Battle tested: Canada's new defence minister is a street-smart, combat-hardened soldier
If there is one defining character trait Canada’s new minister of defence possesses, it’s an ability to assess someone else’s agenda.
Harjit Sajjan’s been doing it most of his life. First as a teenager growing up in the same neigbourhoods he now represents as the Member of Parliament for Vancouver South.
He was in grade eight and about to transfer with his crowd to the closest high school when he figured out where that might lead him. Many of his friends were starting to join gangs which were rife in the Indo-Canadian community at the time. So Sajjan chose to go to a different school for grade nine, which meant a much longer commute, but removed him from what might have been a life of crime. He figured out what they were up to.
“And I kind of surprised myself to be honest, after the fact, I think why I actually made that choice,” he told W5 during an hour-long interview in his new office in the headquarters of the Department of National Defence.
Later in life, Sajjan dedicated himself to fighting crime, embedding himself within his own Indo-Canadian community. Not a lot is known publicly about the police work he did as a member of Vancouver’s gang unit, but it was sufficiently dangerous that he is cautious to this day about revealing much of what he did.
There are very few public pictures of him from this period and a personal social media trail (as opposed to his political one) is non-existent. It is reasonable to assume he played a central role in trying to figure out who was trying to do what to whom in the hotbed of Indo-Canadian politics in the nineties. Figuring out agendas would have been an important asset in trying to reduce the violence within the community at that time.
It was also a valuable asset during his soldiering in Afghanistan. On a tour in 2006 just before Operation Medusa launched in September, Sajjan collected much of the raw information that enabled a team to determine how many Taliban fighters Canadians would be facing, and who their commanders were. Maj- General (ret) David Fraser credits him with helping to make the battle a decisive win.
“That gave us enough information that we used with other pieces of intelligence to put together a map of what was going on the battlefield and able to create plans to actually address it,” he told W5.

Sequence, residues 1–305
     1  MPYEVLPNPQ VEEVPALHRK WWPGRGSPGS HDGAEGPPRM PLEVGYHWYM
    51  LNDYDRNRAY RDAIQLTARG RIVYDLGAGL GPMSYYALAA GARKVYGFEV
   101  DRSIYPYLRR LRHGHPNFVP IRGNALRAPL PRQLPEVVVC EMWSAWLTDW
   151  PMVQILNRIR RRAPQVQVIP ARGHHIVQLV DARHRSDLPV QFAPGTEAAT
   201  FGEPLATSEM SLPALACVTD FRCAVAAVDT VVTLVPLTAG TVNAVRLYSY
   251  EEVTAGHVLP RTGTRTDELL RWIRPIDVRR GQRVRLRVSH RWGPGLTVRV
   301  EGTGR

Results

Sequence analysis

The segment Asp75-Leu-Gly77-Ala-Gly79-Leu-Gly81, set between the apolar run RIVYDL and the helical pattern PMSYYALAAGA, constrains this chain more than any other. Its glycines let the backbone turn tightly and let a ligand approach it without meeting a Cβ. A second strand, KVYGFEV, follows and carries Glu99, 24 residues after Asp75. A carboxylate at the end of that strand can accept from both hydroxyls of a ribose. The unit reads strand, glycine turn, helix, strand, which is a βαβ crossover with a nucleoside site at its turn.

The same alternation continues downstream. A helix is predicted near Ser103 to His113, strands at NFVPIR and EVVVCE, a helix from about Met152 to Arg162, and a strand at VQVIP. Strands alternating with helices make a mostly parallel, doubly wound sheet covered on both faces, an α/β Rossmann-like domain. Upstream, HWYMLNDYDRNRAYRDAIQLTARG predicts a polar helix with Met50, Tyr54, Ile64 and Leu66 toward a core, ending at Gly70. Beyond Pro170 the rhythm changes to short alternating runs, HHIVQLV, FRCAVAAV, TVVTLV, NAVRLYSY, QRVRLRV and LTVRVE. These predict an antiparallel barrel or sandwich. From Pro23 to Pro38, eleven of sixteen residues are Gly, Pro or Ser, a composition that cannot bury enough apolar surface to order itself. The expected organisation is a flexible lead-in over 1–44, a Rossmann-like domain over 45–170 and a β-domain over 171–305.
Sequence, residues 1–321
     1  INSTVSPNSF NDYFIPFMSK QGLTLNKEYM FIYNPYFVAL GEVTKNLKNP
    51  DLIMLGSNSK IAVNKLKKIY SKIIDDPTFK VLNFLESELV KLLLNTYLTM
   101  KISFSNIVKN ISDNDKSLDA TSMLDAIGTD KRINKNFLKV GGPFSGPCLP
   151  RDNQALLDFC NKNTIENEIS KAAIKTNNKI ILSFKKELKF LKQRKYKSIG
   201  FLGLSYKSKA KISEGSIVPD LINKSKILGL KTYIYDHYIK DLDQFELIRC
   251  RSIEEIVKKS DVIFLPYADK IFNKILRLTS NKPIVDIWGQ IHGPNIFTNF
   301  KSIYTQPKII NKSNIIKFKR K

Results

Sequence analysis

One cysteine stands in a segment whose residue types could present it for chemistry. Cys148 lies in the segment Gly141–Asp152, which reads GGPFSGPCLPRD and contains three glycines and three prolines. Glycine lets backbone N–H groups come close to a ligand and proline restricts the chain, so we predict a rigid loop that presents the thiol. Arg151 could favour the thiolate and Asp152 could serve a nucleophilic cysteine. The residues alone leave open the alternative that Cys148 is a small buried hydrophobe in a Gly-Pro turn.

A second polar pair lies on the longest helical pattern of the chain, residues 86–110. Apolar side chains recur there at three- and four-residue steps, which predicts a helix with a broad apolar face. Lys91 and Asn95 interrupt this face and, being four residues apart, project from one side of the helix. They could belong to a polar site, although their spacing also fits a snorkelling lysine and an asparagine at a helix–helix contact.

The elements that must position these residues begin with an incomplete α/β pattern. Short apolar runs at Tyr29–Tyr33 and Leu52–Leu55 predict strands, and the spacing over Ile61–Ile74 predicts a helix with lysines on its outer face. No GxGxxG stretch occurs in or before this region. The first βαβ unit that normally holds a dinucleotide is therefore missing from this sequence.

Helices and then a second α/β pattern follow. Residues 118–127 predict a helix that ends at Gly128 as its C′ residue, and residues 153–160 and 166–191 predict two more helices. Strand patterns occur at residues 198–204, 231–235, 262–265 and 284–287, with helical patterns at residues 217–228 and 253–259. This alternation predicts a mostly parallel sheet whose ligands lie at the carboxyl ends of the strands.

Sajjan says he’s able to extract clues to what people are up to by appealing to their innate decency, and approaching them with humility.
“When you’re genuine and you build genuine rapport, you care in a meaningful way, when you’ve earned their trust, you never have to ask for anything,” he explained. “I wasn’t asking for anything, but people started offering information, explaining what’s really going on.”
Below image courtesy of Jason A. Das www.jasonadas.com
Spotting agendas and building trust are qualities which may come in handy for Sajjan’s current mission. Many previous ministers of national defence have spoken of the intensely political nature of the department, and how often they found themselves entangled in competing agendas. Change isn’t something the military embraces easily, and the Liberal platform is proposing a lot of change, along with reductions in headquarters staffing.
A minister with a lifetime experience in judging character, building rapport, and the toughness to confront those who try to cross him is better positioned than most to take on the agendas.
But as Sajjan has already discovered in his new job, sometimes the agendas aren’t internal -- sometimes they are thrust on you by the world. And in the case of the prime minister’s pledge this week to provide more support on the ground to fighting ISIS, Sajjan hasn’t been given much time to figure out who’s going to give him what he needs to succeed, and who might be working against him.